“I tell you the truth, anyone who believes has eternal life. Yes, I am the bread of life! Your ancestors ate manna in the wilderness, but they all died. Anyone who eats the bread from heaven, however, will never die.” John 6:47-50
Our hearts sank when the doctor called us to go down to the hospital as a loved one was critically ill. The doctor shared her concern that our family member had a high risk of having a cardiac arrest. By the grace of God, his condition stabilized later that night . The encounter with the power of darkness drew my attention to the victory over death that Christ has secured for us.
Our small group had been reflecting on the Acts of the Apostles. We read the story of the young man, Eutychus, who was listening to the apostle Paul talking till past midnight. The room was lighted with many flickering lamps and Eutychus was sitting on the windowsill. He became drowsy and fell down three stories to his death. But Paul simply went down, took him in his arms and said, “Don’t worry, he’s alive.” Then they went back upstairs, shared in the Lord’s Supper and Paul continued preaching till dawn!1 It was an eye opener that the disciples were not distracted by the miracle of Paul raising Eutychus from the dead – they simply continued with the Lord’s Supper and the preaching of God’s Word. Miracles were their everyday experiences and their focus was not on the miracles but on the presence and love of God.
The story of Eutychus is a graphic reminder of the weakness of our flesh – we may fall asleep during sermons and pastors need not be offended by those who do so! God knows that our spirits are willing but our flesh is weak.2 It was an encouragement to me as I fall asleep at times during my silent meditation. I can now take comfort by choosing to see such times as the times that Christ is picking me up and restoring my soul.
The practice of meditation is more than resting in God. There may be times when we are lead into the darkness of our souls and even the absence of God. This is to humble us as we face the reality that without Christ, we are the living dead – living under the power of darkness. It is only with the spirit of humility that we can truly understand and be grateful for the good news of Advent – that God is waiting and seeking to deliver us from darkness so that we can live in the light.
Advent is a time to share the good news of God’s amazing grace that through faith in Christ we are reborn again – not with a physical birth resulting from human passion or plan, but a birth that comes from God.3 The only work God wants from us is to believe in Jesus Christ.4 Through faith in Jesus Christ, we have the keys to enter the Kingdom of heaven. Jesus came to be the Light of the World5 to show us the way out of the dark world of suffering and to enter the Kingdom of Heaven.
The Beatitudes are the keys to the kingdom of God. We need to come to terms with our spiritual poverty for it is the poor in spirit who will mourn and seek the comfort of God. When we do so, our humility fills us with meekness so that we can inherit the kingdom of God. Then we will hunger and thirst for righteousness.6 Before going to the cross, Jesus gave us the Lord’s Supper as God’s means of grace. Jesus told the Jews that they need to eat His flesh and drink His blood to have eternal life:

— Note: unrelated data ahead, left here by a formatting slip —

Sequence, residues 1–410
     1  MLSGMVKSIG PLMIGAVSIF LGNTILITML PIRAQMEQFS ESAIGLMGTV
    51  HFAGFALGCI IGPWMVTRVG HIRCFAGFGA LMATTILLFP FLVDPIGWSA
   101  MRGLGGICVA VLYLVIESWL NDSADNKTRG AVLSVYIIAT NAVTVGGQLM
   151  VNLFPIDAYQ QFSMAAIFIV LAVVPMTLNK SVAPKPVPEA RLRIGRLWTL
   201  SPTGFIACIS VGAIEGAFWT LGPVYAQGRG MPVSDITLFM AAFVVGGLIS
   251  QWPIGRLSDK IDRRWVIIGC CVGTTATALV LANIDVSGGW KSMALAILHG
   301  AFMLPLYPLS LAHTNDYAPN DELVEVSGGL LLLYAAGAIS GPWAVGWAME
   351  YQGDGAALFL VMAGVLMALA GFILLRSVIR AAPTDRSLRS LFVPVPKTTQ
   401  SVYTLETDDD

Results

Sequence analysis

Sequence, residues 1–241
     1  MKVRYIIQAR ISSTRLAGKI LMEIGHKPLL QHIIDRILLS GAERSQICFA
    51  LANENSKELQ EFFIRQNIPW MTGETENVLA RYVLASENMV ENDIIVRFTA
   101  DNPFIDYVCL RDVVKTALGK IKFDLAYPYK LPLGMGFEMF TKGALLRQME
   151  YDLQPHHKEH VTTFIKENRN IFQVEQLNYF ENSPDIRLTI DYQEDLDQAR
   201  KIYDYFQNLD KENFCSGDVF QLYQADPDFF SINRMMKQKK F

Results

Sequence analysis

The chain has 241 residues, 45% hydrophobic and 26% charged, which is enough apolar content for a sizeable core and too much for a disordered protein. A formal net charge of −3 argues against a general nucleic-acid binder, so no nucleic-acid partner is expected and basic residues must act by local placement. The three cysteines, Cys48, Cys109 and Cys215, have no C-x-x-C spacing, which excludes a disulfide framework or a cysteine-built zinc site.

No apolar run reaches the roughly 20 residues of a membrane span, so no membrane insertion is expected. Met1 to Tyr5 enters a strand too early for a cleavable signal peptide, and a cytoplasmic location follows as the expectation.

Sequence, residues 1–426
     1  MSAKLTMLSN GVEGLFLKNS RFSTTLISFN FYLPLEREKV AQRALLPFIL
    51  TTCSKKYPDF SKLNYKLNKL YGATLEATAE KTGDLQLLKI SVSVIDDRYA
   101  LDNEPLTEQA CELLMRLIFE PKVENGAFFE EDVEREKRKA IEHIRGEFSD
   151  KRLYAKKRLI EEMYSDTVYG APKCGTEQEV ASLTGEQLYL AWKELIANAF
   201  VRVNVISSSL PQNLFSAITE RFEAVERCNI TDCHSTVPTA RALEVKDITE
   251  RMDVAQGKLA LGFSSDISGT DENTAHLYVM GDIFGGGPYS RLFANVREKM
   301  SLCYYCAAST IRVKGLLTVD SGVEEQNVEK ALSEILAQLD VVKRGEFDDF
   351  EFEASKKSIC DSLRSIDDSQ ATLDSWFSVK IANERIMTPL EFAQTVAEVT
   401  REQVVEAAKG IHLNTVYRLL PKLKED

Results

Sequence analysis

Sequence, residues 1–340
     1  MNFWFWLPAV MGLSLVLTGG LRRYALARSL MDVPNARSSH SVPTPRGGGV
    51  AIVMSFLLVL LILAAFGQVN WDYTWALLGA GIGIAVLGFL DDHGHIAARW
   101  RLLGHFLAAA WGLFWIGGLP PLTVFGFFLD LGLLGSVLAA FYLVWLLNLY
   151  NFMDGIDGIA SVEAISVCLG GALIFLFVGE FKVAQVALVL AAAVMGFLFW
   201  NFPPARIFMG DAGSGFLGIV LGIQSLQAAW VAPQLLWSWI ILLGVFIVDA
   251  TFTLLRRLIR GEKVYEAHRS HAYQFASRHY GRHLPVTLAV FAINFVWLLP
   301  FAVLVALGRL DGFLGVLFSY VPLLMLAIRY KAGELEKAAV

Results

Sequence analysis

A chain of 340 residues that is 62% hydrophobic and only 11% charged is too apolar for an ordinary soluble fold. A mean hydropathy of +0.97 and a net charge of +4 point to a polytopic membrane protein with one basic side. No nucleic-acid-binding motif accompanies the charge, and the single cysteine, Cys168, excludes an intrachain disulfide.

“For my flesh is true food, and my blood is true drink. Anyone who eats my flesh and drinks my blood remains in me, and I in him. I live because of the living Father who sent me; in the same way, anyone who feeds on me will live because of me. I am the true bread that came down from heaven. Anyone who eats this bread will not die as your ancestors did (even though they ate the manna) but will live forever.”7
Like the deer longing for streams of water, we thirst for the living God.8 We hear Christ, the well of our salvation, calling us to quench our spiritual thirst:
“Anyone who is thirsty may come to me! Anyone who believes in me may come and drink! For the Scriptures declare, “Rivers of living water will flow from his heart.”9
Journeying with a loved one in the intensive care unit provided me with a better understanding of the narrow way. The door to eternal life is narrow because it is an intimate and personal relationship between me and Christ. The narrow way is not about giving up our pleasures but surrendering our will that God’s will may be done in our lives. The way of the cross is a movement from death to life.
Without Christ we are spiritually dead and on the journey from life to death – living the “dash” between our birth and death. Jesus Christ is God’s gift to lead us from spiritual death to live the eternal life before death. Advent is a time of waiting and preparing our hearts so that God’s Word can be made “flesh” in our lives through the power of the Holy Spirit.
Waiting on God through meditation is to enter into the rest of God – to remember that there is nothing that we can do to earn God’s grace. It is the expression of our trust in God’s unconditional love that is revealed on the cross of Christ. Christian meditation is a journey into our hearts to see ourselves as God sees us and not who we pretend to be. We can take off our masks when we know that God loves us just as we are. As we do so, the Holy Spirit will lead us to become the person God wants us to be.
May this Advent prepare us for the journey to eternal life. As we face the storms of the Covid pandemic and other illnesses in our lives, let us learn to be still as we wait on God:
Find rest my soul
In Christ alone
Know His power
In quietness and trust
When the oceans rise and thunders roar
I will soar with you above the storm
Father, You are King over the flood
I will be still know You are God
- Acts of Apostles 20:7-12 NLT
- Matthew 26:41, Mark 14:38
- John 1:12-13
- John 6:29
- John 8:12
- Matthew 5:3-6
- John 6:55-58
- Psalm 42:1-2
- John 7:37-38